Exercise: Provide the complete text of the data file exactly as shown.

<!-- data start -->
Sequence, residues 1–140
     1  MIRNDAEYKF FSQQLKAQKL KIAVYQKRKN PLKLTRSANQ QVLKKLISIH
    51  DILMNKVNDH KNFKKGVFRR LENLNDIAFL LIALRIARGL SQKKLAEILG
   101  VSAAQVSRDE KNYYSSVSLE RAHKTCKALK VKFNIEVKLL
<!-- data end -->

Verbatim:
Sequence, residues 1–140
     1  MIRNDAEYKF FSQQLKAQKL KIAVYQKRKN PLKLTRSANQ QVLKKLISIH
    51  DILMNKVNDH KNFKKGVFRR LENLNDIAFL LIALRIARGL SQKKLAEILG
   101  VSAAQVSRDE KNYYSSVSLE RAHKTCKALK VKFNIEVKLL